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The Ultimate Disappearing Act: How Animals Camouflage Themselves In The Wild

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The Ultimate Disappearing Act: How Animals Camouflage Themselves In The Wild

Camouflage is the master key amongst animals in the bush in order to survive and live another day in the wild.

Many predators like leopards and lions use their body colour as a camouflage technique. This allows them to blend in and also making it easier for excellent hunting purposes. However  certain antelopes  like kudus and zebras use their body colours and patterns to blend in with the surrounding area and blending in as a herd or creating the image of a unit animal, to confuse predators.

There are all kinds of camouflage used by many animals. Impala use counter shading meaning they have a darker colour on their backs than on their flanks and the flanks are darker than the pale belly. If the sun shines direct onto the impala, it makes the impala darker on the belly and much paler on the back of the impala. The result is that a predator like a leopard that sees in hues of light and shadow rather than pure color vision, the impala will appear as two dimensional and does not stand out like other surrounding objects.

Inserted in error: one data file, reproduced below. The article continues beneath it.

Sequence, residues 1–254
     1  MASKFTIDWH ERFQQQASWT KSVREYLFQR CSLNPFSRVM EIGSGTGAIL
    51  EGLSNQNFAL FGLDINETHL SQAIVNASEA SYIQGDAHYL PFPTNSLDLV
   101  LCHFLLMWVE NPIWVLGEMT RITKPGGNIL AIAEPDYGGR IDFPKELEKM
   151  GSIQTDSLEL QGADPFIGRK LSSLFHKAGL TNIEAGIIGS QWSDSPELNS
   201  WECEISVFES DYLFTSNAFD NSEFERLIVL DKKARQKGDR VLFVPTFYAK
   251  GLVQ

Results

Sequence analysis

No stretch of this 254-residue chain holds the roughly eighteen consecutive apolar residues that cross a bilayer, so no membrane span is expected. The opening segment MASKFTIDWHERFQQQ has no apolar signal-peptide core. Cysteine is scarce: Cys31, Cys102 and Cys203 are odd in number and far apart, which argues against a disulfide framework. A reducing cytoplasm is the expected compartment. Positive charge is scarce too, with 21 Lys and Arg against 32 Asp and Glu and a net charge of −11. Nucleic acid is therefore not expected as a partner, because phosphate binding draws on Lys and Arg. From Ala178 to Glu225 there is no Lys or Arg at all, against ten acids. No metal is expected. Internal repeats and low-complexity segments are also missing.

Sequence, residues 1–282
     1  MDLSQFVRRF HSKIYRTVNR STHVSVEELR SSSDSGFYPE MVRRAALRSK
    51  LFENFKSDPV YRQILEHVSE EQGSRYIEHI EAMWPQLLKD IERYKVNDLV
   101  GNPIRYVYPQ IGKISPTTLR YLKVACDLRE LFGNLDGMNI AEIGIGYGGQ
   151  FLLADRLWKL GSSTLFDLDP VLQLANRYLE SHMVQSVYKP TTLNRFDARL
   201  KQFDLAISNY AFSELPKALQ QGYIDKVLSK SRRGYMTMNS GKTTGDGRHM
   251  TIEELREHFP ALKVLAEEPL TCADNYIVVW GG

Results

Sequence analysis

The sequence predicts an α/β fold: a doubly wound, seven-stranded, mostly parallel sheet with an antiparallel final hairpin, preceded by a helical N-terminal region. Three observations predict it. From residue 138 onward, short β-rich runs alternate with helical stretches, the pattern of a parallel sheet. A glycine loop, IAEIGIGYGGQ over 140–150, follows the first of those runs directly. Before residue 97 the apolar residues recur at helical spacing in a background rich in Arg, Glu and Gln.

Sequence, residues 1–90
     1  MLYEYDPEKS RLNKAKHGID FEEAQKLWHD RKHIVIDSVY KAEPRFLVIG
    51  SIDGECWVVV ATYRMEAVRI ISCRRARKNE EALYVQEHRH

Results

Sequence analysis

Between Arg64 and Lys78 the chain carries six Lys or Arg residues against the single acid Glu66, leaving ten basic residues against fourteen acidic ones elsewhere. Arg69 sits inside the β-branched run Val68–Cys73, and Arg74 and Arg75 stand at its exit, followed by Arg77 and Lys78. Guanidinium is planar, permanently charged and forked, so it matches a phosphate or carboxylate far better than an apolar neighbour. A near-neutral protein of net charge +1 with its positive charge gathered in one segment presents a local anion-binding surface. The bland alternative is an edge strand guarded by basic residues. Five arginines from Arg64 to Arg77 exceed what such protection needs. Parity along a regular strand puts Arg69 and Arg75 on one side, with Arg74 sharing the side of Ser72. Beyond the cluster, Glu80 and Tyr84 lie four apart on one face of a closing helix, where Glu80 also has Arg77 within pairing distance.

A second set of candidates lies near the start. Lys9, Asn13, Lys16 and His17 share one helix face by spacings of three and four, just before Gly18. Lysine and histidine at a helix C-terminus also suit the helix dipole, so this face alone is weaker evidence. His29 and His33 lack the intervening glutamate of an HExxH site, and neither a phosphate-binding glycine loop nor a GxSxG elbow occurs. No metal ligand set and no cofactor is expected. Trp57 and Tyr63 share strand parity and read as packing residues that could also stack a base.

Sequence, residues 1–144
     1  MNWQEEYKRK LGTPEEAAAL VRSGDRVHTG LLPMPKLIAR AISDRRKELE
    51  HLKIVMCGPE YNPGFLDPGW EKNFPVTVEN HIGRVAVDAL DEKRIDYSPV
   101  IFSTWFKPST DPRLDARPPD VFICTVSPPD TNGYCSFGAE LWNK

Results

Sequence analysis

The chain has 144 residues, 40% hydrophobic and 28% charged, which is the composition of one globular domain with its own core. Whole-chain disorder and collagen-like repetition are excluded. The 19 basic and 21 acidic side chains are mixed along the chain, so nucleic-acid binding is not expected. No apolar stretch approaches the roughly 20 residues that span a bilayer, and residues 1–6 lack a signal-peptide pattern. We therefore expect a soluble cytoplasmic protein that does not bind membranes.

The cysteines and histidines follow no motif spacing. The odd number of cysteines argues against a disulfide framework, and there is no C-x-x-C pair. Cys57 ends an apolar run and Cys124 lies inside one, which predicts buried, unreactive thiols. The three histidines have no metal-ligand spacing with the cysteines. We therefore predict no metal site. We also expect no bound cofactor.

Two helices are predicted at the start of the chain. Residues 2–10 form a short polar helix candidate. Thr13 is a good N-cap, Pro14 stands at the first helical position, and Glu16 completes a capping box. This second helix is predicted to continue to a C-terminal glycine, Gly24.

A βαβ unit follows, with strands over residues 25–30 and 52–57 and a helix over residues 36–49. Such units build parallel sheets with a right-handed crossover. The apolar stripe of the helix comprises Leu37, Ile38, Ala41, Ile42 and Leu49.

As I mentioned, kudu also use another coloration called disruptive coloration to blend them into their dappled environment. Disruptive markings are lines or marks that break the solid outline of an animal to camouflage them. The white lines on the kudu's face and the creamy stripes down its back also resemble the shafts of light penetrating a canopy of vegetation.

Many species of frogs are able to change their colour quite rapidly to suit their surrounding environment. They do this to avoid predators and fit in with their surroundings.

The animal that amazes me the most is the master of all animals that can stalk its prey within metres, and not be seen at all, is the Leopard. They have intricate patterning all over their bodies. The pattern is unique to each individual just like a humans fingerprints. The back and flank are golden colour and the belly almost pure white. In combination these disruptive markings and colours provide the leopard with the best camouflage. The patterns break up the shape of the body and allow the leopard to almost blend invisibly into almost any habitat.

It’s incredible how nature can camouflage itself for the ultimate survival and destruction.

Pieter Dannhauser - Elephant Plains Junior Ranger

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